We live in age of scientific crime detection. Nevertheless, there are two forms of evidence that still exert profound influence in the judicial system – confessions and eyewitness testimony. In I confess – a guide to police interrogation I looked at how police interrogation methods can sometimes lead to suspects confessing to crimes they did not commit. This week I want to look at the fallibility of eyewitness evidence.
I came across one shocking example of this the case of the rape of Jennifer Thompson. We need to clarify that this is not like the invented charges that I looked at in False rape accusations. Jennifer Thompson was clearly a victim. In July 1984 Thompson a 22-year-old college student living in Burlington, North Carolina, was sleeping in her apartment after coming home from a date. What she did not know that a man had broken into her apartment and was still there. She went to sleep but she woke up in the middle of the night. Realising that there was a man in her room, she tried to scream but her attacker had a knife. She offered him her money, credit cards, and even her car if he would just leave her alone. But he wasn’t interested.
During the attack the college student had one focus: to survive and identify her rapist. She had a strategy. She had heard that when you were raped, the best thing to do was not to fight. That would be exactly what a rapist would want. They need to control and humiliate the woman. She was at a physical disadvantage with respect to her attacker. So she would have to outsmart him. Her first plan was to try to get information. She would remember everything: his face, his voice, his hair his eyes and any other distinguishing features, such as scars or tattoos. She would memorise his clothing, try to identify his height by comparing it to her own.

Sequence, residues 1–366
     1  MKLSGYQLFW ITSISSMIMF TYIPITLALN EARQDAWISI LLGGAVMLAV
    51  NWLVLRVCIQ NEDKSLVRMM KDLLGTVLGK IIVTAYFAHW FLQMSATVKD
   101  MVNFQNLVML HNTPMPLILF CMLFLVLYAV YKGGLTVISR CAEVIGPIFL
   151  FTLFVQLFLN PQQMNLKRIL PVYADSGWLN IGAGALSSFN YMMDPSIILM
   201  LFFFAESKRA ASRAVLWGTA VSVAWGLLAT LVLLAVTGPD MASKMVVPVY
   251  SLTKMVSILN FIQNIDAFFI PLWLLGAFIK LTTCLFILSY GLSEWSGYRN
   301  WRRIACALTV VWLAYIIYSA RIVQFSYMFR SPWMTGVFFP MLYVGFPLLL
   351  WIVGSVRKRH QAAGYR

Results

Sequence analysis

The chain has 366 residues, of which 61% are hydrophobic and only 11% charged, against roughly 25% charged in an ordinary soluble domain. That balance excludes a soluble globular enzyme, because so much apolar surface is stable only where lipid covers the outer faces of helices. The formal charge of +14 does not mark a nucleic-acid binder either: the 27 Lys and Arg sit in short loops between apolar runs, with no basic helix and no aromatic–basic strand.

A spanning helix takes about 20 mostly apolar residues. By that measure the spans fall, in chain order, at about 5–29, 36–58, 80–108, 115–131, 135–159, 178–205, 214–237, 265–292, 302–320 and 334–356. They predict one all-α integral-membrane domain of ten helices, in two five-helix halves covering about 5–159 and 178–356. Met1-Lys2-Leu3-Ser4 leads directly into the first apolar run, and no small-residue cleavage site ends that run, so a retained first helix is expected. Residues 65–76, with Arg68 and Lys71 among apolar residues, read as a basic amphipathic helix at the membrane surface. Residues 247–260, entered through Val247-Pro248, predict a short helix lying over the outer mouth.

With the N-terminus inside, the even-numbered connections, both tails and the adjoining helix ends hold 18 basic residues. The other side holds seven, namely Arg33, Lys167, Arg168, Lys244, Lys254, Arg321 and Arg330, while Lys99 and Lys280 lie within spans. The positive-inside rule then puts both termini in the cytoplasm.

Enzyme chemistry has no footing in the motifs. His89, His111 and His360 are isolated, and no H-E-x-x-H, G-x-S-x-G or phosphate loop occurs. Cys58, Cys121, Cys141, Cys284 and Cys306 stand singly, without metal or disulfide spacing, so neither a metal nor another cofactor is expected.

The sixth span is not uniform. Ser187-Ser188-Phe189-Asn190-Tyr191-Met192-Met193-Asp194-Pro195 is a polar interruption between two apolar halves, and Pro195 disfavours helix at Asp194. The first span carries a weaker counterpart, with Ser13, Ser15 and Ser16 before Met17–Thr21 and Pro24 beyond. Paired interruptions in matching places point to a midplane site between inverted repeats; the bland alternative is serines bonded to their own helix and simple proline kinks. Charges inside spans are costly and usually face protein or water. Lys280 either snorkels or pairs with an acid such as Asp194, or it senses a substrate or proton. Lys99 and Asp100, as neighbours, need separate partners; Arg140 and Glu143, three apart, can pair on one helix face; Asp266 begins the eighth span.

The second part of her plan was to just try to get out. She claimed that she had a knife phobia and got him to put down the knife. She wanted to get to the kitchen because the rapist had told her that he had forced the door there. So she said that was feeling really thirsty and needed to get something to drink. Once in the kitchen she turned the light on, knowing that if it was on, he would not come too close to me, for fear of being identified. He did indeed stay around the corner. Here is how she describes what happened next:
“And I started to run the water and throw ice cubes in my sink, and open up cabinets and draws, making as much noise as I could, and getting up enough courage to run. And that’s when I opened up the door and I just took off out the door. I didn’t know where I was going to go, but I was leaving.”
She ran for her life, pursued by the rapist. Fortunately she was able to get to the house of a couple. The woman, who worked at the university, recognised her as a student.
She first arrived at the hospital at about four o’clock in the morning, where she was given the forensic rape test. Unfortunately, the doctor seemed annoyed at having been woken up and was rather unsympathetic. What’s more he did an incomplete examination; she was not given penicillin for any possible sexually transmitted diseases, nor was given the morning-after pill. She would later have to go through the whole humiliating process again. She also learned there appeared to be a second victim, Elizabeth Warren, who would prove important later in the story.
After the rape kit, she went to the police station, where she was asked to use one of those facial composite kits to create an accurate photofit of the perpetrator. And of course she had to describe what had happened several times and to give as many statements as she could.